the rules, which all Senators were in honor
bound to obey. Brown did not wish to
glaze over this matter, and charge the
Senator from Kansas with falsifying the
records and committing forgery upon the
records of the Senate. This language was
a deliberately planned insult and uttered,
not only in violation of the rules of the
Senate, but in defiance of the authority of
the presiding officer.
The chair said the Senator from Georgia
was out of order.
Brown—"Then, sir, that remark is with
drawn under the ruling of the chair."
The remarks of the Senator from Kansas,
Brown said, were not made hastily, but
afff-r two days had elapsed, and after, as
Brown supposed, a satisfactory disclaimer
from himself had been made of all offen
sive imputations. Notwithstanding the
reassurance made in the Senate by Brown,
the Senator from Kansas had persisted in
his purpose of insulting a Senator.
The chair thought this observation out
of order.
Brown submitted to the Senate whether it
----- j . „„„
would permit such outrageous and inexcus
able breech of its pri vileges to go unnoticed. ,
In regard to the insinuation of want of
courage, he ventured to say that there was
nothing in the personal character or an
tecedents of the Senator from Kansas to
! make him an object of apprehension or to
! excite the lears of any man. There was
• no place so safe as this Senate chamber for
a man of discreet courage to bluster and
parade his vituperative rhetoric. No other
Senator would have used such language as
the Senator from Kansas had used under
the protection of the Senate, and he
Ingalls; would not use it except under
the protection of the Senate.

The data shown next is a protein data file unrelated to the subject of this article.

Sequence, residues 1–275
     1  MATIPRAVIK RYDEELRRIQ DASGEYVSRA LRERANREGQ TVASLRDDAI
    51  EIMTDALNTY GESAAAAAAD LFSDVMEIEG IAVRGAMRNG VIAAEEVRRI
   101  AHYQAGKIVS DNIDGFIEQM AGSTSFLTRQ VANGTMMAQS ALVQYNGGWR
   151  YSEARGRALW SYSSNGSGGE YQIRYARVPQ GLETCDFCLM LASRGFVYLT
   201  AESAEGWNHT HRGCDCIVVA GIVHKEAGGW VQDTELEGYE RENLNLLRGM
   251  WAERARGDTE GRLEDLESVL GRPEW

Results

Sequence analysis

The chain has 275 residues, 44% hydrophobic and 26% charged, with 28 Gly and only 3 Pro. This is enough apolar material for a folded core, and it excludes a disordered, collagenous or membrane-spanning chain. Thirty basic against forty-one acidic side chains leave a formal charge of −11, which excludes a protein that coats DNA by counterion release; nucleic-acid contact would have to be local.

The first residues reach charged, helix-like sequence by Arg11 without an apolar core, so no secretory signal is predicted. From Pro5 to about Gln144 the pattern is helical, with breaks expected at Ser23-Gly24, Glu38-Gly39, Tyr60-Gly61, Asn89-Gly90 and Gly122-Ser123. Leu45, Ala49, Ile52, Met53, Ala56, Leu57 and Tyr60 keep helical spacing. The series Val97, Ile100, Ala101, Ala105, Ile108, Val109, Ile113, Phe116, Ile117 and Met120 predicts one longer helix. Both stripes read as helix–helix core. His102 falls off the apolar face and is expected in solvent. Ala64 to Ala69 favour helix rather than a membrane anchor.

Ingall said if the Senator from Georgia
would allow the remarks made by him this
morning as they had been delivered he
(Ingalls) would be contented, but if these
remarks were to be amended by interpre
tations and observations not delivered be
fore they had been sent to the printing office,
he (Ingalls) preferred to wait before ean
uassing the vote until all the returns were
in. The Senator from Georgia, Ingalls
said, was mightier with the pen than
either the tongue or sword : that the Sen
ator shed ink like water. He was very
courageous with the pen. Ingalls would
not be diverted from the real question at
issue. That question was whether the
records of the Senate had been falsified
by interpolation of matter personal in its
character, susceptible only of offensive
interpretation after the record had been j
made up by the reporter as to the irnputa
j tions of the Senator from Georgia upon his
(Ingalls') personal character and appear- j
ances. He begged to say to the Senator i
from Georgia that he (Ingalls) distinctly j
avowed all that he had hitherto said of
any sense that the Senator from Georgia
saw fit to attribute to it, and that he
1 (Ingalls) did not shield himself behind
the privileges of the Senate chamber.
The usual breathing pause following
___ _ pause
the delivery of this sentence was character
ized by a dead silence in the chamber and >
crowded galleries. When Ingalls added, j
"This is all I desire to say in response to (
the gentleman ' a general abuse was heard j
and the -galleries were instantly half |
emptied. i
lloU!,e *
Washington, June 17.—Mr. Slocum pre- ,
sented the conference report on the Gen. !